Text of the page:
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I'm wondering if this is possible. I have a typical MVC action method with a signature that looks like this:

public ActionResult View(MyModel model)
{
   IAnObject myObject = new AnObject();
   //several lines of code follow.....
   return View(model);
}

I'd like to get rid of that new keyword and inject an instance of IAnObject into the action method. But I'm not sure if MVC allows for this, injecting a class along side a model in an action method? Has anyone run across this, and are there ways of tackling it? (Our IoC container is Windsor, in case that makes a difference.)

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4  
Is there a reason you're injecting the object in the method rather than at the class level? –  Jordan Kaye Dec 31 '12 at 16:16
1  
Agree with @JordanKaye. Even if ActionResult method injection is possible, what do you get from it? If possible, I would create the object or its factory beforehand using constructor injection. –  Tae-Sung Shin Dec 31 '12 at 16:20
    
@Jordan & Thomas-- you raise good points. I thought about method injection here because that's where the object is being created and used. I wanted to keep the object's scope as close to where it was before. That said, if construtctor injection is the best way to go about this we can refactor. –  larryq Dec 31 '12 at 16:37

3 Answers 3

up vote 1 down vote accepted

If you are expecting to inject this reference into the action method as a parameter, you can look to the ControllerActionInvoker, which has an InvokeActionMethod method, which I believe is called from InvokeAction. This method has a list of parameters passed into it, and a description of the action (ActionDescriptor class). This action descriptor has a GetParameters method that will give you more detailed information about the parameter, such as type information that you would need for the dependency injector. I've not done this, so I don't know quite how it works out, but it seems possible.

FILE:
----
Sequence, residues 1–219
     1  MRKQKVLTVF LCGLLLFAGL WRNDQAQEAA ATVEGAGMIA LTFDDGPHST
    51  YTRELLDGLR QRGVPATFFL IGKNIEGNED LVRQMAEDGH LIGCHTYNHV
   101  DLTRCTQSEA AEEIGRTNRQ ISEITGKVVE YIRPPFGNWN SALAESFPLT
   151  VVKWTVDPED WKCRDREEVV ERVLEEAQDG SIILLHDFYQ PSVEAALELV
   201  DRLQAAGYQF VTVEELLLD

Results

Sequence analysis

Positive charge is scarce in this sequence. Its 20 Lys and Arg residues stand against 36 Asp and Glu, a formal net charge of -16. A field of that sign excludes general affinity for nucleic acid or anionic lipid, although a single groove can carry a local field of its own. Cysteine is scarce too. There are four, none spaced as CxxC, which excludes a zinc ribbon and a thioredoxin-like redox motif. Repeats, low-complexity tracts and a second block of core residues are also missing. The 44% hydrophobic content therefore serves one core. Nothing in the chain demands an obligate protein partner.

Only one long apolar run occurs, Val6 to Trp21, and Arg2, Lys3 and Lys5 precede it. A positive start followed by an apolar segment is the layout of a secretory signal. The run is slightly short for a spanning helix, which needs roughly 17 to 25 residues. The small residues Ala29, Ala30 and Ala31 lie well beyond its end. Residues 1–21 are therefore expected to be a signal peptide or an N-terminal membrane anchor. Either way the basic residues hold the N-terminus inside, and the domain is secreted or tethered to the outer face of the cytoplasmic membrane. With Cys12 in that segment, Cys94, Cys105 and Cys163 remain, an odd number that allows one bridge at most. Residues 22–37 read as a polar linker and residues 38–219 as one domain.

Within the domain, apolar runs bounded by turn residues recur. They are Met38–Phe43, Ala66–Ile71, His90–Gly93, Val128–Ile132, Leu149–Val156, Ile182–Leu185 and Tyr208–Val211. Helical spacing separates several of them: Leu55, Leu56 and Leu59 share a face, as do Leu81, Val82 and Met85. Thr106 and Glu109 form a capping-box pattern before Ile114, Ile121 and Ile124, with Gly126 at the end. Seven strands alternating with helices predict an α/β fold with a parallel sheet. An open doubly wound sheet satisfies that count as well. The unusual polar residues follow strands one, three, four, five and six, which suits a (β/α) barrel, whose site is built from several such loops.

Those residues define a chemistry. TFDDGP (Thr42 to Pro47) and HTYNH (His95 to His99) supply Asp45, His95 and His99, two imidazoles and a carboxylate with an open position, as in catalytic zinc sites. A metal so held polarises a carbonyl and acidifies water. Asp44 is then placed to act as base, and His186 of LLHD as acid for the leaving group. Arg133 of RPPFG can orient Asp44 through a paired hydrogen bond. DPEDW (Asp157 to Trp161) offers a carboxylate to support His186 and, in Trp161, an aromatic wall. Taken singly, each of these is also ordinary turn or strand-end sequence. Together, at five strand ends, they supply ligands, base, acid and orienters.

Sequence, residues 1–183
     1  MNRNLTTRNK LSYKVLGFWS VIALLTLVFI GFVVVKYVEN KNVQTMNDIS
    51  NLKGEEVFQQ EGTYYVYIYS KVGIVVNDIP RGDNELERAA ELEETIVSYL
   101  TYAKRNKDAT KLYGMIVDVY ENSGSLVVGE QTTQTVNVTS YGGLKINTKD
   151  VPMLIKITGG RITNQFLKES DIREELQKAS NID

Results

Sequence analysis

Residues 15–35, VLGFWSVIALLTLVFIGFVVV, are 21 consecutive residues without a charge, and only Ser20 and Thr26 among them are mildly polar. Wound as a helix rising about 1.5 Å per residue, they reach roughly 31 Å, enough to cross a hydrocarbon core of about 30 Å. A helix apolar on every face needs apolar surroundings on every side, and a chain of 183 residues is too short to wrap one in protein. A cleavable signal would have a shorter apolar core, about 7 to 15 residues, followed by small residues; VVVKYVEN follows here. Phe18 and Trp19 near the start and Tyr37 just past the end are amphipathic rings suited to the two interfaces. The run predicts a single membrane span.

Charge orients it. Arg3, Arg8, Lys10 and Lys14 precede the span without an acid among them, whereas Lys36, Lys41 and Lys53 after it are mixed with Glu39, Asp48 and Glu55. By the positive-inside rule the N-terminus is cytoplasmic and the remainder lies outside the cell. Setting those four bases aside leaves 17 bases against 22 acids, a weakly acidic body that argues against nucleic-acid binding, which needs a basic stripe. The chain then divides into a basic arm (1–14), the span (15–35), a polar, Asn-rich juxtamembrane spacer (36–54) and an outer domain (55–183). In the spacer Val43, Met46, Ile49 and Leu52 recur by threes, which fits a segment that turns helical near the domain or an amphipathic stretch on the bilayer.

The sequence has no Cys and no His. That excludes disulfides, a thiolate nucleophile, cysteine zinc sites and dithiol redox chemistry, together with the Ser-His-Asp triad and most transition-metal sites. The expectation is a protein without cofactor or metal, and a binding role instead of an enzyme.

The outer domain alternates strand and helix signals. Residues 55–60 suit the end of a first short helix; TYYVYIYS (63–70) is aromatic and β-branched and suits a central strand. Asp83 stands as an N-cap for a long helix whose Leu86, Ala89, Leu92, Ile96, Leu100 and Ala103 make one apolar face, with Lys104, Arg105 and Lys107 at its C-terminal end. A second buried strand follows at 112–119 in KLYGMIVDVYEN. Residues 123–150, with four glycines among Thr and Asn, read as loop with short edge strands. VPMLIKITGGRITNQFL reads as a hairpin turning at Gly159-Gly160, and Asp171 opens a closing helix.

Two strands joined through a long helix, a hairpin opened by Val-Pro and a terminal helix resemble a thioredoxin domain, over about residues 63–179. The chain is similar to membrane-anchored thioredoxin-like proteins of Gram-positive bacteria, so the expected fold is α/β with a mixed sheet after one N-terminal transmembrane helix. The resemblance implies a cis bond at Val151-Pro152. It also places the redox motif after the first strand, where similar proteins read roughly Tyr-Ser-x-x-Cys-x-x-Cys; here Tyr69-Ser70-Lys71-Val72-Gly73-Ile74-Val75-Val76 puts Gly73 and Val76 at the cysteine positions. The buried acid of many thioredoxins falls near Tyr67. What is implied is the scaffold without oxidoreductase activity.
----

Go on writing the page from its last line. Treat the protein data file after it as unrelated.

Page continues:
I also don't know how that might affect how MVC selects an action method to post to, so factor that in.

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You may want to do your injection in OnActionExecuting which is called before any action on the controller is executed. This will give you context such as the Request but will allow you to set member variables - thus 'simulating' constructor injection. And of course you only have to do it once for the whole controller.

    [NonAction]
    protected override void OnActionExecuting(ActionExecutingContext filterContext)
    {
        _myService = .........;  // get from IoC container

        base.OnActionExecuting(filterContext);
    }
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If this is a terrible idea for whatever reason then please comment :-) –  Simon_Weaver Feb 20 '13 at 20:22

Well, I agree with the guys on the comments, but if you want to take an instance in the method scope, try to get it from your container of IoC, something like this:

public ActionResult View(MyModel model)
{
   // take from the container of IoC
   IAnObject myObject = _continerIoC.Resolve<IAnObject >();

   //several lines of code follow.....
   return View(model);
}

Avoid using the new to create your instance and your concrete type in the container and decouple your controller from dependecies/references.

I really consider using constructor/property Injection. There is a method injection too.

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The link msdn.microsoft.com/en-us/library/ff649751.aspx doesn't work for me. –  Tohid Jan 2 '13 at 0:22
    
are using a container of IoC? –  Felipe Oriani Jan 2 '13 at 10:16
    
Now it works! weird! –  Tohid Jan 2 '13 at 14:27

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